// Can your partner support you for a while?
// Can you do some temping work? Even if it’s scanning your technophobe neighbour’s family albums onto Flickr!
// Can you sell some unwanted items and equipment? Clear out your closet, do a car boot sale.
// Also remember those little extras I didn’t have to cancel to begin with (Netflix etc)? You still have the option of letting those go to reduce your monthly outgoings.

Weekly Finances
Since I made the decision to be fully self employed I have also kept a weekly plan of my income. I list each income stream and then add up a total for the week. At the end of the month I add up a total for the month. This is a great way to see at a glance which areas aren’t pulling their weight and perhaps taking up too much of your time. It’s also good to be able to estimate for the rest of the month, quarter or year – especially if you’re thinking of saving up for a holiday or a huge business expense!

Self Employed

It’s scary (I’m terrified!!) and it always will be a leap of faith, there will never be a time you’ll be 100% sure you can make it, but at least with the numbers to back you up you can spend less time worrying and more time working your ass off to achieve your dream lifestyle!

Now back to work!! Loves x xx

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Indie Biz – Can I Go Self Employed? Part I

Self Employed

I’ve read a lot of articles about why and how to be self employed, articles with very generalist advice, not much of which I found very useful. So I thought I’d share the specific steps I took to decide if I could actually be self employed, full time.

My Personal Situation
There’s nothing special about my situation compared to yours; I worked on my business for just over three years before I became fully self employed and for the purpose of full disclosure: I live with my boyfriend who has a full time job. Now he doesn’t earn a lot of money by any means, but he has been able to cover one or two bills for a few months until I stopped falling over my own feet.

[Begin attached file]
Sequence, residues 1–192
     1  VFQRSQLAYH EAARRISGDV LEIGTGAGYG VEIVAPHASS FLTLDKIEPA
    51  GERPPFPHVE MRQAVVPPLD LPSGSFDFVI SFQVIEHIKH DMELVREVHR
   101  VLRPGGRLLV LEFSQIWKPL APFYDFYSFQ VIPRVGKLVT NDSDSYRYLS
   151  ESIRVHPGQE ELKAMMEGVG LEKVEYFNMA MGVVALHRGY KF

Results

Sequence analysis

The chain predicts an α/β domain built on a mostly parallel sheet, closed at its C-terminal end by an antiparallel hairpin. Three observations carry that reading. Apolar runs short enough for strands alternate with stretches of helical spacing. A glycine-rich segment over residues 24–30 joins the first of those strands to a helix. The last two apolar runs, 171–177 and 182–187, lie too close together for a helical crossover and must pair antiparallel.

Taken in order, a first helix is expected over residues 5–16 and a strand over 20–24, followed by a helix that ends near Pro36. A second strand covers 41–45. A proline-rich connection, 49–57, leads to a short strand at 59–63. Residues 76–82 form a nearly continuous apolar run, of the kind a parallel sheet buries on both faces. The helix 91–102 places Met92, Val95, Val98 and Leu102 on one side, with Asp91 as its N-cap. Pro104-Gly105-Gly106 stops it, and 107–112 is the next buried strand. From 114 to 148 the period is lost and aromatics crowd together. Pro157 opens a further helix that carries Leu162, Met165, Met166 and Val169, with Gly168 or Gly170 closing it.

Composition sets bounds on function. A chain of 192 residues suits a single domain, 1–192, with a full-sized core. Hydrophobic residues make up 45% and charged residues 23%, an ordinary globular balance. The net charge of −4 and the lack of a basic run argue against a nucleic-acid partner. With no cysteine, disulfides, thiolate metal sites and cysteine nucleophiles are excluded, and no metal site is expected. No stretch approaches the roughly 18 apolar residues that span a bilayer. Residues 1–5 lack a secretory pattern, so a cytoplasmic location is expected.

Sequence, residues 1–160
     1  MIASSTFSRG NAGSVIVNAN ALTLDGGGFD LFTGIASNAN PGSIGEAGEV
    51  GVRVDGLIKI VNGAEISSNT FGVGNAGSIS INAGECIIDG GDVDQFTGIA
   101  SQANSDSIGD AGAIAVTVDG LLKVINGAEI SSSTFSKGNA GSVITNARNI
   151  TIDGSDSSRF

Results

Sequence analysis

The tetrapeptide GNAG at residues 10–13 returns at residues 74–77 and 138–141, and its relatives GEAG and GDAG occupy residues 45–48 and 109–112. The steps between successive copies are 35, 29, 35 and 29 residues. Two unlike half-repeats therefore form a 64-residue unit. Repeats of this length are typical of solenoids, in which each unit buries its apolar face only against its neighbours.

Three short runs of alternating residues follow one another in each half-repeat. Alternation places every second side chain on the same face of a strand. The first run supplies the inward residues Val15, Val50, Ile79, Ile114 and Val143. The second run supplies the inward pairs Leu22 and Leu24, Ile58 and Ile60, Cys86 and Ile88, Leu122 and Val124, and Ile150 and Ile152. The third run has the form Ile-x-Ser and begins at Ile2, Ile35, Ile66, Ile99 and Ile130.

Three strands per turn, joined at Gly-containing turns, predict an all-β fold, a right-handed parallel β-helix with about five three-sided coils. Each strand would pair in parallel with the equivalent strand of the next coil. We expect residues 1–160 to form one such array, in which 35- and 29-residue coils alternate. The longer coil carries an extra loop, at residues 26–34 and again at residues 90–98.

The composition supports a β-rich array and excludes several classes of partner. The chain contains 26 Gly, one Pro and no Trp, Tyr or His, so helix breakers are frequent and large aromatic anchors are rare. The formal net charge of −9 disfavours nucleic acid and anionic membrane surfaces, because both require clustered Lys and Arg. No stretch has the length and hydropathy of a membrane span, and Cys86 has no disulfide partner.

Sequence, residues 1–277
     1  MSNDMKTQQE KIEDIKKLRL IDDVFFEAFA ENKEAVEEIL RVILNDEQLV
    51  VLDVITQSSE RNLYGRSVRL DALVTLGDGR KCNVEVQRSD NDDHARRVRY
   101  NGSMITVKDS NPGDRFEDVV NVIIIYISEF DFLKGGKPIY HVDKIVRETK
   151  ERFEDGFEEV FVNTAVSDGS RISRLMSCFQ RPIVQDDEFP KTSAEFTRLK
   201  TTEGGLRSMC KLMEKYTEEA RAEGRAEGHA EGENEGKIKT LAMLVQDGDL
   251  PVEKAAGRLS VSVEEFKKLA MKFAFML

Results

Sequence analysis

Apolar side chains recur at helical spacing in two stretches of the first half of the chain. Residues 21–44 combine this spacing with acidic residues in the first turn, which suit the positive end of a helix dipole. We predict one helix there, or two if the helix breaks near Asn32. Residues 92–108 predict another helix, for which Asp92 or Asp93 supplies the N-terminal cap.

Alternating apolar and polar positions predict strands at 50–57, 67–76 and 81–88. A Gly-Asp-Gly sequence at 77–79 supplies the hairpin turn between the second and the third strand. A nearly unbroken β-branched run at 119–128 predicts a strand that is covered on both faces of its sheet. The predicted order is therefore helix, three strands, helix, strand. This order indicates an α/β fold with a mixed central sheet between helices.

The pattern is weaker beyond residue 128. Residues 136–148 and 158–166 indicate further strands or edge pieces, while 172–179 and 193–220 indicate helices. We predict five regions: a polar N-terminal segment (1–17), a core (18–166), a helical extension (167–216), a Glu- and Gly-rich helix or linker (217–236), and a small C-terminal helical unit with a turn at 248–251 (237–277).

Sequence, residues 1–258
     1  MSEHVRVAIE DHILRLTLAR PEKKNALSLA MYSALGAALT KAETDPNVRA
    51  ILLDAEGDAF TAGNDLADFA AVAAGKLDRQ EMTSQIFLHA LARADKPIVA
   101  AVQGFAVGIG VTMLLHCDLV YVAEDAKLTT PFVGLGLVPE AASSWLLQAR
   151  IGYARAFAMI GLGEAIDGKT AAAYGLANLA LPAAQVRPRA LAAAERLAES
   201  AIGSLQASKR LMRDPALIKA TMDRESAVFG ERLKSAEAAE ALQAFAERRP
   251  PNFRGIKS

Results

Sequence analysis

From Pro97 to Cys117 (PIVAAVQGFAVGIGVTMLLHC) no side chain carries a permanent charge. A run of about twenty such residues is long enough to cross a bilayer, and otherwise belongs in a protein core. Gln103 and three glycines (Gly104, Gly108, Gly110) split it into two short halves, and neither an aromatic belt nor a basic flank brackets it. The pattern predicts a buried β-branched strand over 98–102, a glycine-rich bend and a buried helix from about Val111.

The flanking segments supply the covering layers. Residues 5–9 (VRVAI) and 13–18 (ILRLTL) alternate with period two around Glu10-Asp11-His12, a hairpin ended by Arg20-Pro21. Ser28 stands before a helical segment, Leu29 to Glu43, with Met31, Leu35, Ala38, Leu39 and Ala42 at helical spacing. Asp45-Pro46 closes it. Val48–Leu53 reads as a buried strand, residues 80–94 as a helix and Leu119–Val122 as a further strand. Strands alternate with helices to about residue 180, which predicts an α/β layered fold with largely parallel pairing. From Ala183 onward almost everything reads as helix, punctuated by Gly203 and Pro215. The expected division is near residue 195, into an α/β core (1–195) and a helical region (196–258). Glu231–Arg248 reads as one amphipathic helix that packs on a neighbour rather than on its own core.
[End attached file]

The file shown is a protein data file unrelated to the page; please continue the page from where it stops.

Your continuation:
We rent in an expensive area, we have a dog, we have Sky, Netflix and Spotify accounts. I pay for extras like contact lenses, Creative Cloud and I have a very expensive phone bill that allows me to have the latest smart phone for work. My point here being: we spend a crapload of money every month. So far, I haven’t had to cancel a thing.

DIY Acorn Necklace

Outgoings
So to begin with, I wrote up every single outgoing I have, such as:

Rent/Mortgage
Gas & Electric
TV License
TV Subscription (eg. Sky)
Internet
Phone Line
Water Rates
Council Tax
Insurance (Contents, Pet, Car)
Credit Card Repayment
Store Card Repayments
Loan Repayments (Inc. Student)
Charity Donations
Subscriptions (eg. Netflix)
Mobile Phone
Web Hosting/Other Business Expenses

// I didn’t include food, simply because it’s hard to estimate, but if you can figure out how to include this it’s best that you do. Alternatively I have been working out the cost of individual meals we cook and shopping around for the best deal.
// As you can see, though, I don’t have a budget for clothes, records, nights out or anything I class as a luxury. This is my personal choice, if you feel you can’t live without these things for your first year then budget them in.

Add these all up to get your monthly outgoings. This is the amount of money you absolutely need to be able to earn from your profit, not your turnover.

Income Streams
Secondly I wrote a list of each of my income streams. I cannot stress the importance of having more than one way of making money. Generally Summer is a quiet time for selling products, but much busier for freelance work. Once freelance drops off towards Christmas, your product sales will absolutely leap!

How To Be Self Employed

I also wrote a list of possible income streams if the above failed to provide, such as licensing my photographs or opening a craft supplies shop. More projects will dilute your focus, but it’s always good to have an idea bank – especially if ideas can go hand in hand with established income streams.

Homework
Thinking this would be a lot of information to take in all in one lump, I took to Twitter and you folks asked for the content to be split into two blog posts. Don’t worry if you’re super eager (like me!) the second instalment will be here on my blog this Thursday. In the meantime, do your homework; Get a notebook to dedicate to your budget and start following the steps above – A pretty one! ;)

Don’t miss Part II! Make sure you’re subscribed by email, RSS or Bloglovin.

Loves x xx